Tuesday, 7 March 2017

Lords Vote for Parliament to have a Say on Brexit Deal has made a Snap General Election More Likely

The House of Lords tonight voted by a majority of 98 for Parliament to have a final veto over whatever deal the government agrees with the EU, for the country’s post Brexit relationship with Europe.

MPs in the House of Commons will now vote on this amendment, and the one the Lords passed last week to unilaterally allow resident EU citizens the right to stay in the UK. Tonight’s vote in the Lords causes potentially more problems for the government, in that it strikes at the heart of the government’s Brexit strategy.

This strategy, if we can call it that, is to demand everything from the EU and if we don’t get it, to make no deal at tall. If this amendment is passed by the House of Commons, MPs will effectively be able to send the government back to the negotiating table, to try and get something better.

Of course, whether the House of Commons will vote for the amendment is another matter, as it will require perhaps 20 or 30 of the pro-EU Tory MPs to vote for it. It could be that the government makes some kind of compromise offer, if they fear losing the vote, but this government has shown no signs on compromising over its Brexit stance.

If the vote is passed in the House of Commons, I suspect the government will be amenable to calling a snap general election. If the Tories won the election, which looks highly likely at this stage, it would give it an extra authority over Parliament in terms of a mandate for its Brexit position. Risky maybe, but it would give the government the opportunity to get its way, if it won.

The 2011 Fixed Parliament Act, would have to be got around, but the potential rewards of a snap election for the government are huge. The 2011 Act allows for two ways an election can be called, other than the 5 year fixed term.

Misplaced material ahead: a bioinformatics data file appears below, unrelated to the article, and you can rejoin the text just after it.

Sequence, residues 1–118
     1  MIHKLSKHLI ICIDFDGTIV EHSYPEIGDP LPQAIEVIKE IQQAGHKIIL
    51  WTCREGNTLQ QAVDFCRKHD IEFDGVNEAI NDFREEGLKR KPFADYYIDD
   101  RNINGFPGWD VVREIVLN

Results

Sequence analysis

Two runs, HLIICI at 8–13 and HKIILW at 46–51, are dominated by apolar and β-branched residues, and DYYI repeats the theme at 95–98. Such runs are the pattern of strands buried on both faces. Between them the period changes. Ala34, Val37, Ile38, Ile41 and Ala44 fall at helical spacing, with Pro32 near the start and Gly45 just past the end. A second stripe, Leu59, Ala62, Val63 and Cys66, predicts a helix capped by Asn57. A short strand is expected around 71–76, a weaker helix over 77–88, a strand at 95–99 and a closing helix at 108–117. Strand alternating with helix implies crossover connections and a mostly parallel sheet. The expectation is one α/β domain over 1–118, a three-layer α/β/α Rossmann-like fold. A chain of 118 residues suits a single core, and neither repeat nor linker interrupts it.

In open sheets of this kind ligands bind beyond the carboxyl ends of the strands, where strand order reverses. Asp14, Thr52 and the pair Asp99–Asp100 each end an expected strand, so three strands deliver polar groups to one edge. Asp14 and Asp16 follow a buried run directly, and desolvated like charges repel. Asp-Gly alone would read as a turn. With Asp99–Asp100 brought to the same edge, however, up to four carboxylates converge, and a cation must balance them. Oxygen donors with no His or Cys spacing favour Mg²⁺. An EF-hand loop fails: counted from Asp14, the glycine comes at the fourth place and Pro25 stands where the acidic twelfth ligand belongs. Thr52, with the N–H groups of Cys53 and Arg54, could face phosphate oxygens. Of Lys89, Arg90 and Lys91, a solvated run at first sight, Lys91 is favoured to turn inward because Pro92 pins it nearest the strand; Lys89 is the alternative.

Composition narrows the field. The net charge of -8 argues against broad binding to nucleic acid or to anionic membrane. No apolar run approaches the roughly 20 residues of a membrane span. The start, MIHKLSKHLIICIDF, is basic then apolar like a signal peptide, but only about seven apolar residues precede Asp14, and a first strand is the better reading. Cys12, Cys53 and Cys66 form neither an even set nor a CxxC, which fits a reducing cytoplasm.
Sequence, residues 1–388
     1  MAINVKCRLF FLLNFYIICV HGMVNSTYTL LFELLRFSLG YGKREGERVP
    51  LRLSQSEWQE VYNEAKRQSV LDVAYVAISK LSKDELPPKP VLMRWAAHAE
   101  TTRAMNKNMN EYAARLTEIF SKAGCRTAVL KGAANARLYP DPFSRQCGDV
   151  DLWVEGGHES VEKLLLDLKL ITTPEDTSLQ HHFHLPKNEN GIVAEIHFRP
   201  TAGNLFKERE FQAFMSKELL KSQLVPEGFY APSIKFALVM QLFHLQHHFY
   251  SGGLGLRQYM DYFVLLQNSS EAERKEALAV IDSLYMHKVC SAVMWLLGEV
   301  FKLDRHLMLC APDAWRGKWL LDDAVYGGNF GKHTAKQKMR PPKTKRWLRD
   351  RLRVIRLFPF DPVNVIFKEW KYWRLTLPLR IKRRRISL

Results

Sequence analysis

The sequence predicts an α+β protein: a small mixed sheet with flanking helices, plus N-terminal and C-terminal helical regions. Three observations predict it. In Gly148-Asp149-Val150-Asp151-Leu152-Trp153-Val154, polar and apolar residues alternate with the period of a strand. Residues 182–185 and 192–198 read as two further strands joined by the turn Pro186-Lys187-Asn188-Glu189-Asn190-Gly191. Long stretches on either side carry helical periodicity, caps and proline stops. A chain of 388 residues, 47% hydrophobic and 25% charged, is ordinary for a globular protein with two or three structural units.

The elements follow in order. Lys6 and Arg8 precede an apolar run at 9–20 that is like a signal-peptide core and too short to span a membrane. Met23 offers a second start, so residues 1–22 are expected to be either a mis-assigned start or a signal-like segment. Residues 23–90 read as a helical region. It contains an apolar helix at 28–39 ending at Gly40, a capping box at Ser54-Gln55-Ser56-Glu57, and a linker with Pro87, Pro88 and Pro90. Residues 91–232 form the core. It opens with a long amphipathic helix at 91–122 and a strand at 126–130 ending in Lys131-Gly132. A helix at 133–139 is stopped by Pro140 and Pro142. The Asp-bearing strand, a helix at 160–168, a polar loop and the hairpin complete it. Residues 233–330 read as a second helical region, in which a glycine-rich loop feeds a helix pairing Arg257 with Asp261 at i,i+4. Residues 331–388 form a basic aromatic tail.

The first is for a vote for an election by two thirds of MPs in Parliament, so opposition parties, particularly Labour, would largely need to vote for it. The other way is that a no confidence vote is passed against the government, and after 14 days, another government that did command the confidence of a majority of MPs, could not be formed.

The first option is probably easier, although Labour may block it, despite what its leader Jeremy Corbyn has said about wanting an early election, not all Labour MPs may want this. There are two other possibilities, the 2011 Act could be repealed by a majority in the House of Commons, or it could be bypassed as an exception to the Act, as a one off. Again a simple majority of MPs is required for this.

The former Tory leader Lord Hague has thrown his weight behind the government calling an early election, by one of the means available, as he thinks the government would win easily and so increase its authority over Parliament on Brexit.

The Prime Minister, Theresa May, has said all along that she is not in favour of an early election, as there is no need for it, and no desire from the public for it, but if her Brexit plan is knocked sideways by the Lords vote tonight, and if enough Tory MP rebels can be found to support the Lords, she may have little choice.

It would be a major humiliation for May, if her whole strategy was rejected in this way, and it would leave her vulnerable at the next scheduled general election in 2020, if she made it as far as still being Prime Minister in 2020, which is doubtful. The Tories are ruthless at ditching leaders, and she would be a sitting duck.

It is time her enemies in the Tory put down a marker, Nicky Morgan, George Osborne et al, that they start the process of getting revenge on May for the way she treated them when she became Prime Minister. Will they do it? The odds are still against, but maybe, just maybe.

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